Greater Sudbury Police and Emergency Medical Services responded shortly after noon Tuesday to a report of a man who was passed out behind the wheel of a parked vehicle in the lot of the Notre Dame Beer Store. The Sudbury man, 60, was charged with care and control, over 80 mgs of alcohol and impaired driving. (Photo supplied)

A day after Greater Sudbury Police issued dispiriting RIDE stats and admonished motorists to be more responsible, a driver was found passed out in the parking lot of a local beer store.

Passerby Kevin Briscoe said he was doing a favour for a client — he’s a self-employed snowplower — around noon Tuesday when he spied the man slumped in his driver’s seat outside the Brewers Retail outlet on Notre Dame.

“There was an older man passed out behind the wheel, eyes closed and head slouched down,” he said. “I could see he was breathing so I didn’t really think it was an emergency health issue. It seemed that he had made it this far, and was passed out drunk.”

Briscoe grabbed his phone to record the scene, including the driver’s licence plate — “just to cover my own tracks that here is what I saw, if this would wind up in court” — and called 911.

He said an ambulance arrived first and paramedics had to “pound on the driver’s door to wake him up.” The man eventually exited the vehicle — a newish SUV — but was unsteady on his feet, doing what Briscoe called “the two-step shuffle.”

Kaitlyn Dunn, spokesperson for Greater Sudbury Police, confirmed police and Emergency Medical Services responded to the situation around 12:15 p.m.

“While dealing with the man, paramedics believed that he may be intoxicated,” she said in an email to The Star. “Officers arrived around 12:30 p.m. and while speaking with the man, there was a strong odour of alcohol on his breath.”

The man failed a breath test administered on site, and a subsequent test carried out at police headquarters confirmed he was over the legal limit, said Dunn.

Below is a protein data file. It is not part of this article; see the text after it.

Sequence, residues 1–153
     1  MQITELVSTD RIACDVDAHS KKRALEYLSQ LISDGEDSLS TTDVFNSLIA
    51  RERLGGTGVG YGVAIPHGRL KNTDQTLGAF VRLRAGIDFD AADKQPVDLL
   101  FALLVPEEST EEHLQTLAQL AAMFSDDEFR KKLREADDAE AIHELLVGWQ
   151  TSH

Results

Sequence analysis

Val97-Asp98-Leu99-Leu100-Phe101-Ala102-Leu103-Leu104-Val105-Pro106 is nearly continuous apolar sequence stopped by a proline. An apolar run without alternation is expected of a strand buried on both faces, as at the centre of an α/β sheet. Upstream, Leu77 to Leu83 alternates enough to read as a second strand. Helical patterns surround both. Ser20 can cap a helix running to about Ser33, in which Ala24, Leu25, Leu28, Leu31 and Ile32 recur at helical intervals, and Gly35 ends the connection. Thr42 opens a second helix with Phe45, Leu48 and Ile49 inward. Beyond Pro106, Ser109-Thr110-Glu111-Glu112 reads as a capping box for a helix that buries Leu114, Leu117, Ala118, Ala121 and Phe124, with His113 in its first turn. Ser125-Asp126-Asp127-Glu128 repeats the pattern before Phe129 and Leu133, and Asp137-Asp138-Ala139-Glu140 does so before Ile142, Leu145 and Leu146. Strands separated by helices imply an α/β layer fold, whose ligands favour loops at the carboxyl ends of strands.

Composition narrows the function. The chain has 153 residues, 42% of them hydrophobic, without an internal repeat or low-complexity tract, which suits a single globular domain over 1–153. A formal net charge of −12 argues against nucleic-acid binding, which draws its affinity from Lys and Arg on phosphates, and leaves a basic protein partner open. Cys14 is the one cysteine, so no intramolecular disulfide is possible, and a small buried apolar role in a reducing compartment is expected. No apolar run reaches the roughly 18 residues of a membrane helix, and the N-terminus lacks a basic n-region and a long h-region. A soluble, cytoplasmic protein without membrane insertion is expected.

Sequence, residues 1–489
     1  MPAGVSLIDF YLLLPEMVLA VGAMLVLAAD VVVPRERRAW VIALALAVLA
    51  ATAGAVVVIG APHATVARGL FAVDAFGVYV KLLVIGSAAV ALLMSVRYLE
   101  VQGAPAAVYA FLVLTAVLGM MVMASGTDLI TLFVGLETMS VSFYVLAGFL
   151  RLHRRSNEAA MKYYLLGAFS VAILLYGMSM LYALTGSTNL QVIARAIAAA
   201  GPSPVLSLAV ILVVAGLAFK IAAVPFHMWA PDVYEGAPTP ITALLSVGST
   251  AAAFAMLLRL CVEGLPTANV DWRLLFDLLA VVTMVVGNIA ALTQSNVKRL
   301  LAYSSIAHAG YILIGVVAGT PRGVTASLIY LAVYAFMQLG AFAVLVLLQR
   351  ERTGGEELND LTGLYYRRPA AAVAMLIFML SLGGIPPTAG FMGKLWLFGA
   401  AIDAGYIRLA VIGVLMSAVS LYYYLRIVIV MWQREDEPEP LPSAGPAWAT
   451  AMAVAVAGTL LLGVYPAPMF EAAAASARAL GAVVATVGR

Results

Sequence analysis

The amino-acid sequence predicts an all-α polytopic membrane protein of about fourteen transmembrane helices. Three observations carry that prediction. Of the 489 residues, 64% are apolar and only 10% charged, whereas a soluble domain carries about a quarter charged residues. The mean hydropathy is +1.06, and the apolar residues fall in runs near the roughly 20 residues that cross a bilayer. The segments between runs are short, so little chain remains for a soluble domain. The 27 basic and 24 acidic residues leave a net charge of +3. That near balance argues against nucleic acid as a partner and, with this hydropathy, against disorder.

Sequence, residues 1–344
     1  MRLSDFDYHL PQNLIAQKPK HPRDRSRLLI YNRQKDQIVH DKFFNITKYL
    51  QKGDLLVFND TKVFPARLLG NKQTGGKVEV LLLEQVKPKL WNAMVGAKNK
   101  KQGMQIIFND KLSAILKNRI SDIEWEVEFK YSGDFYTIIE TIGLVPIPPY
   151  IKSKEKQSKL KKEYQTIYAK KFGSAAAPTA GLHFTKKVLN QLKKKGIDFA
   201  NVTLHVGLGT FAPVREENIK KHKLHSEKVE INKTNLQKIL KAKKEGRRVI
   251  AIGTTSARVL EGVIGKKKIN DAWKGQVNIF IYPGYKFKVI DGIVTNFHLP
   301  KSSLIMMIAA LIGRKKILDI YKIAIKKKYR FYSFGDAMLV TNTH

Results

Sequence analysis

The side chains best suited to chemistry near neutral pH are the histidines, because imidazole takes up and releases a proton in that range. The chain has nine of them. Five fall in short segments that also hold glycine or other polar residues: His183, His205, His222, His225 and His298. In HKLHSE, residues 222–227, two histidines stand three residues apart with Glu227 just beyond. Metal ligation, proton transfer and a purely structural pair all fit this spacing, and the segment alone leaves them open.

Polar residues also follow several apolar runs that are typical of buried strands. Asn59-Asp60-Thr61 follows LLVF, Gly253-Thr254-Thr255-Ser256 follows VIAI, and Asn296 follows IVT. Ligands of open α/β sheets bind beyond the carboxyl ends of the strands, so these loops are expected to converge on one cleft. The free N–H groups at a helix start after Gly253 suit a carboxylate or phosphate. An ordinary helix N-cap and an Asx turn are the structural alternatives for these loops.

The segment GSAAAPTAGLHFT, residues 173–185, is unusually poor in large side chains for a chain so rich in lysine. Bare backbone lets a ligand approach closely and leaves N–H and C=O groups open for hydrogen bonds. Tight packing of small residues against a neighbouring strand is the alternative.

The 60-year old man from Greater Sudbury has been charged with care and control, over 80 mgs of alcohol, and impaired driving. Police did not release his name.

Briscoe said he’s personally avoided booze for many years and has spoken out at family or social gatherings if it seemed like someone might be inclined to get behind the wheel after imbibing.

He was also the victim of a drinking-related crash 22 years ago, when an impaired driver following him on Highway 535 “pitted” his truck — nudged its back end — causing his vehicle to flip and injuring his back.

Briscoe said he wasn’t trying to vilify the man passed out at the Beer Store or cause humiliation for his family, but he couldn’t ignore the situation, either.

“If I hadn’t called it in, what could have happened with this guy?” he said. “We know the stories of kids being mowed down at bus stops. I’m not down for that stuff.”

In a release issued Monday regarding impaired incidents over the holiday — six drivers were charged in December — Police Chief Paul Pedersen said too many are still getting behind the wheel drunk, despite ongoing education and enforcement campaigns.

And the results, he said, can too often be deadly.

“Every year parents bury their children, spouses lose their significant others and children grow up without their siblings because people make the criminal decision that driving to their next destination is more important than the lives of those who share the roadway,” said Pedersen.

Briscoe said he hopes the man charged Tuesday will get help for his issues and amend his ways.

“I really want to see a decline in drinking and driving,” he said.

Source: The Sudbury Star